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written by David Gerrold
unproduced story outline, dated
February, 1967
report & analysis by David Eversole

Captain Kirk has received several reports of a three-foot tall teddy bear loose onboard the Enterprise. He disregards these stories as pranks until he and Spock come face-to-face with the creature in a corridor.

They follow it, and it leads them back to the quarters of crewman Jones, a transporter technician who has a reputation for laxness in his duties. Jones explains that he found the creature on a planet the Enterprise recently spent a great deal of time surveying. He became attached to it and did not wish to leave it behind. He was able to covertly beam it aboard, and he and a few friends have been sneaking food from the galley for it. He has named it Bandi.

Kirk immediately decides that Bandi must be destroyed as they are days away from any planet. Despite Jones’ protestations, Kirk is firm in his resolve. . . until he stares into Bandi’s huge moist eyes. Kirk suddenly wavers, announces that it can remain aboard, locked in a cage, in the biology section.

Spock asks why Kirk suddenly decided to spare Bandi, why he let his emotions take over. Kirk can only say that he felt a "strangeness" when he looked directly into Bandi’s eyes.

Despite his orders that Bandi be kept caged at all times, the creature is soon spotted in different parts of the ship -- the galley, engineering, even on the bridge. Each time the creature is locked back up, someone, unexplainably, feels the urgent need to release it.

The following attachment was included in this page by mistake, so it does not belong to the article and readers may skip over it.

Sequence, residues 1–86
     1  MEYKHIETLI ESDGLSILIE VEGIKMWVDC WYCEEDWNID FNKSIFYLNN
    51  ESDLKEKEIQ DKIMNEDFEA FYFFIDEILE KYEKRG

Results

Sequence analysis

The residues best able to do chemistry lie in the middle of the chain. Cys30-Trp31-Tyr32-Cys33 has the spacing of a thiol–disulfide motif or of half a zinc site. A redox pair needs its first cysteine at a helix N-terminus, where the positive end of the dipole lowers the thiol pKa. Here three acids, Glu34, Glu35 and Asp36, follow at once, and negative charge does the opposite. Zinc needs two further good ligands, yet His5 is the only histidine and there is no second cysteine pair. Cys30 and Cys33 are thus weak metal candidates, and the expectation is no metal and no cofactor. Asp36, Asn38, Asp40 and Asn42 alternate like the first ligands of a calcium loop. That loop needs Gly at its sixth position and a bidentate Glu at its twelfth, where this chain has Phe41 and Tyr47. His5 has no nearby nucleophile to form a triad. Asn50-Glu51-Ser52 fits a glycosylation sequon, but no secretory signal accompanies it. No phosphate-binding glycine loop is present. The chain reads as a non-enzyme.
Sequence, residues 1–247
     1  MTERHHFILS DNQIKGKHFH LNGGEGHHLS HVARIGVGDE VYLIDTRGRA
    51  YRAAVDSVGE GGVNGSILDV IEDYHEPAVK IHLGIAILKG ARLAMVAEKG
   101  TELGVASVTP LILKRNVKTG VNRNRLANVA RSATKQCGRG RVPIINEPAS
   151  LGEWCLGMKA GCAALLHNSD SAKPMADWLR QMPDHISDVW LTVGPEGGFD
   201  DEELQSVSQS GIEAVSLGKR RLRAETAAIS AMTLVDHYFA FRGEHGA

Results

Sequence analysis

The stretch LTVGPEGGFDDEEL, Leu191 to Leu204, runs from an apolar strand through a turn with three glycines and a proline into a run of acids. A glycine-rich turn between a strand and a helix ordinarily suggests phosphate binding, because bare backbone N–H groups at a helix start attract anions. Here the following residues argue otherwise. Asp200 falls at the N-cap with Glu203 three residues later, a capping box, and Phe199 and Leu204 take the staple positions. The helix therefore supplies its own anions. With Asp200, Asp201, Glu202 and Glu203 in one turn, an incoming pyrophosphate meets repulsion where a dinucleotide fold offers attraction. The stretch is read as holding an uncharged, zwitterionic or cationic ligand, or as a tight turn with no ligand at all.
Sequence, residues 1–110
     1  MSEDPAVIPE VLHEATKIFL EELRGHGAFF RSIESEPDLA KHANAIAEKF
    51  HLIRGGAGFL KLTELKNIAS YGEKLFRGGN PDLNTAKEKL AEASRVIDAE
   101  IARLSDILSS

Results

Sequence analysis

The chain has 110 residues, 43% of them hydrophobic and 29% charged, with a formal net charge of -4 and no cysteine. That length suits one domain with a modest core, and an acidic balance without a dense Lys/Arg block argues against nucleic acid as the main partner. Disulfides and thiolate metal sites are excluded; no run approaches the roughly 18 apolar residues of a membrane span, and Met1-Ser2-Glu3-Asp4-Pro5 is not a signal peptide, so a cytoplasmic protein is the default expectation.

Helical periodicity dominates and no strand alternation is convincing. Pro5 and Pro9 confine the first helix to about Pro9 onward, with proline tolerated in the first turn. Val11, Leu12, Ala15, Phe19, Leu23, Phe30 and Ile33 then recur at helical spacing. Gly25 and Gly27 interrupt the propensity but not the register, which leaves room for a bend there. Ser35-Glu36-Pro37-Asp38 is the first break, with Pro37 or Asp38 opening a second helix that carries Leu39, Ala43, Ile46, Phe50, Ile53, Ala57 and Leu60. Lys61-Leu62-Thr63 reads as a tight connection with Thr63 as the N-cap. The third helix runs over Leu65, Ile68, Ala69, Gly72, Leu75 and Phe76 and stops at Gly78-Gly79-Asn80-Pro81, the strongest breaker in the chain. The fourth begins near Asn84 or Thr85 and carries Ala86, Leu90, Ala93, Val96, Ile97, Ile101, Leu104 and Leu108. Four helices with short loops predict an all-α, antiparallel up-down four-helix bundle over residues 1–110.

Soon Kirk has another problem. Members of his crew seem to be growing lax, begin to make careless errors. Kirk suspects Bandi is the cause of this lackadaisical attitude on his ship. Other than Spock, no one on the ship understands Kirk’s distrust of the creature. Even the irascible McCoy has taken a shine to Bandi.

After one nearly disastrous mishap, Kirk orders the creature locked in a cell in the brig.

Kirk awakens that night after a nightmare. . . Bandi is perched on the edge of his bed, staring malevolently at him.

Soon, it is discovered that Bandi is an empath. He is an emotional parasite and a telepathic leech. If he is happy, people around him are happy and carefree. If threatened or angry, those around him pick up on his emotional vibrations and react accordingly.

After a crewman is killed in an accident caused by someone in tune with Bandi, Kirk has had enough. He orders it found and killed. Frightened, angry and confrontational, Bandi affects every member of the crew, and they take up arms against Kirk. They’re not sure why but they suddenly hate their captain.

Fortunately, Spock is not affected and is able to kill Bandi before the crew kills Kirk. With Bandi dead, the crew returns to normal. A lesson has been learned by all aboard: do not remove native creatures from their planets of origin.

Spock is determined to press the point home:

From the premise:

Spock turns to the Captain. "This is just an example, Captain, of what uncontrolled emotionality can do."

"Is it?" asks Kirk.

Spock nods. "Fortunately, Captain, I am not burdened by such a disrupting influence."

"Watch it, Mr. Spock. You’re gloating. Pride is an emotion too!"

Spock looks at him, shocked.

The full text is printed in Gerrold’s 1973 "behind-the-scenes" book, The Trouble With Tribbles. He acknowledges that Bandi’s basic nature is the same as the Tribbles -- what appears cute and harmless can often be deadly. Forty years and several thousand books and films on the same theme later, the point doesn’t seem as fresh as it once surely was.

Gerrold also notes that the story is only a premise and would have needed much development had it went to the outline and script stage. For example, why wouldn’t Kirk just kill Bandi outright? Would Kirk’s crew really turn against him so quickly or would their anger work better coupled with a backstory involving their bridling at several of Kirk’s unpopular command decisions?


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